url(r'^tags/(?P<slug>[-\w]+)/$', tag_search, name='tagsearch'),

This regex will capture slug-like stuff in the proper position in the URL and assign its value to a variable named "slug" in the kwargs dictionary. We'll be able to access that dictionary within the view, which means we'll be able to search for a tag by its slug.

Now let's create the view in notes/views.py:

def tag_search(request, **kwargs):
slug = kwargs['slug']
tag = get_object_or_404(Tag, slug=slug)
notes = tag.notes.all()

return render(request, 'notes/tagsearch.html', {'notes':notes, 'tag':tag})

That was remarkably painless. Now we'll just write up a notes/tagsearch.html template to display our results. Remember, we have access to two custom context variables from our view: notes representing all notes associated with a given tag, and tag representing that tag.

{% extends 'base.html' %}
{% load static %}
{% block body %}

<div class="jumbotron">
<h1 align='center'>Notes tagged with {{tag}}</h1>
</div>

<div class='col-md-12'>
{% if notes %}
{% for note in notes %}
<h3 class="page-header">{{note.label}}</h3>
{{note.body|linebreaks}}
{% for tag in note.tags.all %}
{{tag}}{% if not forloop.last %} | {% endif %}
{% endfor %}
{% endfor %}
{% else %}
<div class='alert alert-warning' align='center'>
<h3>No Notes With This Tag!</h3>
</div>
{% endif %}
</div>

{% endblock body %}

That sure looks a lot like the main index page for our notes app, huh?

Speaking of that index page, let's make it a little more useable. We display all of our tags on the right-hand side of the page - let's make those list items link to tagsearch pages for each tag. We'll use named urls and keyword arguments in our tag sidebar:

...
{% if tags %}
{% for tag in tags %}
<li><a href="{% url 'notes:tagsearch' slug=tag.slug %}">{{tag}}</a></li>
{% endfor %}
{% endif %}
...

Nice! Let's also add an edit link to our notes. We'll put this on both the index.html page as well as the tagsearch page, replacing the content in the <h3> tags with a link.

...
{% for note in notes %}
<h3 class='page-header'>
<a href="{% url 'notes:addnote' %}?id={{note.id}}">{{note.label}}</a>
</he>
...

The syntax is different here because the URL needs to be structured differently. Now we can get to our tagsearch page for any tag from the index page, and we can edit any note from either the index page or a search result page.

Hey, remember our checklist from earlier in the tutorial?


  1. See all of our existing notes done!

  2. Add a new note done!

  3. Edit and delete existing notes done!

  4. See all of our existing tags

  5. Create new tags

  6. Edit and delete existing tags

  7. Some basic search capability - find notes with a given tag, for instance

We're done! Our tag application has all of the basic functionality we set out to include. Just one thing - if we deployed right now, the whole world could see our private notes. We want to lock down the index_view, add_note, add_tag and tag_search views so that only a logged-in superuser can see them. We'll do this with Django's user_passes_test decorator. First, we need to devise a "test" for a user that returns True if they're allowed to see our private stuff, and False if they aren't.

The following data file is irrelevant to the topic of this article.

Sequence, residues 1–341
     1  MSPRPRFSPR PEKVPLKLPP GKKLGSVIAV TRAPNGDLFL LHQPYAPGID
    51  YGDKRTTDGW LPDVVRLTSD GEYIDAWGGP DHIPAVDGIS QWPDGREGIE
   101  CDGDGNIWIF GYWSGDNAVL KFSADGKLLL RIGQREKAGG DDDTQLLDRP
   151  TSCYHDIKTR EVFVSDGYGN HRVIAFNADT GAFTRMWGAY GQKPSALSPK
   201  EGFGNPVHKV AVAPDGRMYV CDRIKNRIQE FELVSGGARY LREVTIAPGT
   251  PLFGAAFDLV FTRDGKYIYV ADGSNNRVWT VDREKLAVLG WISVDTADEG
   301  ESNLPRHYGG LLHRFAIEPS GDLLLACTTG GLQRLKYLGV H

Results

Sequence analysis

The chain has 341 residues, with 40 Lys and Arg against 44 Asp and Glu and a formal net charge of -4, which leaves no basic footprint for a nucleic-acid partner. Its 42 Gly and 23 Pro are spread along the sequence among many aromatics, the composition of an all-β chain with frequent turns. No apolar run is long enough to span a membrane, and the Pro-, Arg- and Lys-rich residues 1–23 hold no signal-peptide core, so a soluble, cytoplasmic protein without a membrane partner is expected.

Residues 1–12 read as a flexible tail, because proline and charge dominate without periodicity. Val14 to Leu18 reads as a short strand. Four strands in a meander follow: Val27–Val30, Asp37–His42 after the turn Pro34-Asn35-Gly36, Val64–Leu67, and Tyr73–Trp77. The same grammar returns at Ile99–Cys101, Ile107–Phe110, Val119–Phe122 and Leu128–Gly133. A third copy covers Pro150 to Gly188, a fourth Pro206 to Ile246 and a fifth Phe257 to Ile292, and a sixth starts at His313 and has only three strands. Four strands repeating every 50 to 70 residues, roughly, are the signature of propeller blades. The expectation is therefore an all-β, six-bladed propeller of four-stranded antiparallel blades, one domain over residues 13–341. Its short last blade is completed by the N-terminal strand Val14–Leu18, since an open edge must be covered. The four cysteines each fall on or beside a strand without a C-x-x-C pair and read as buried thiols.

from django.contrib.auth.decorators import user_passes_test
def superuser_only(user):
return (user.is_authenticated() and user.is_superuser)

The syntax here is important. Enclosing the and statement in parentheses means this only returns true if both conditions are true. It's also crucial to include the parentheses on user.is_authenticated() when testing to see if a user requesting content is logged in to an authenticated session or not. If you omit the parentheses, it'll always return True (because it thinks you're asking if it has access to that method or not, which it always does).

Now that we've defined our test, we'll decorate our four views:

def superuser_only(user):
return (user.is_authenticated() and user.is_superuser)

@user_passes_test(superuser_only, login_url="/")
def index_view(request):
...

@user_passes_test(superuser_only, login_url="/")
def add_note(request):
...

@user_passes_test(superuser_only, login_url="/")
def add_tag(request):
...

@user_passes_test(superuser_only, login_url="/")
def tag_search(request):
...

Perfect! Our views are now protected from prying eyes. Let's add a way to log out so we can see this in action. Django makes this very easy - all you've got to do is add a URL pattern for the logout view, and the built-ins can take care of this rest. Add this pattern to our core urls.py:

url(r'^logout/$', 'django.contrib.auth.views.logout', {'next_page': 'home'}, name='logout')

(Yes yes, we're calling a view with a string - it's just too easy to pass up.)

Now if we visit 127.0.0.1/logout, we're logged out and taken to our home page. Try accessing a note or one of the other protected views - it's all locked down! Sweet!

Add a logout link in your nav bar, and try using {% if user.is_authenticated %} to only display it to logged-in users. You won't need it if you're not logged in, right?

Phew, okay. We've done a lot here. Let's take a deep breath before getting to step seven - and getting this thing online!

Continue to Part 7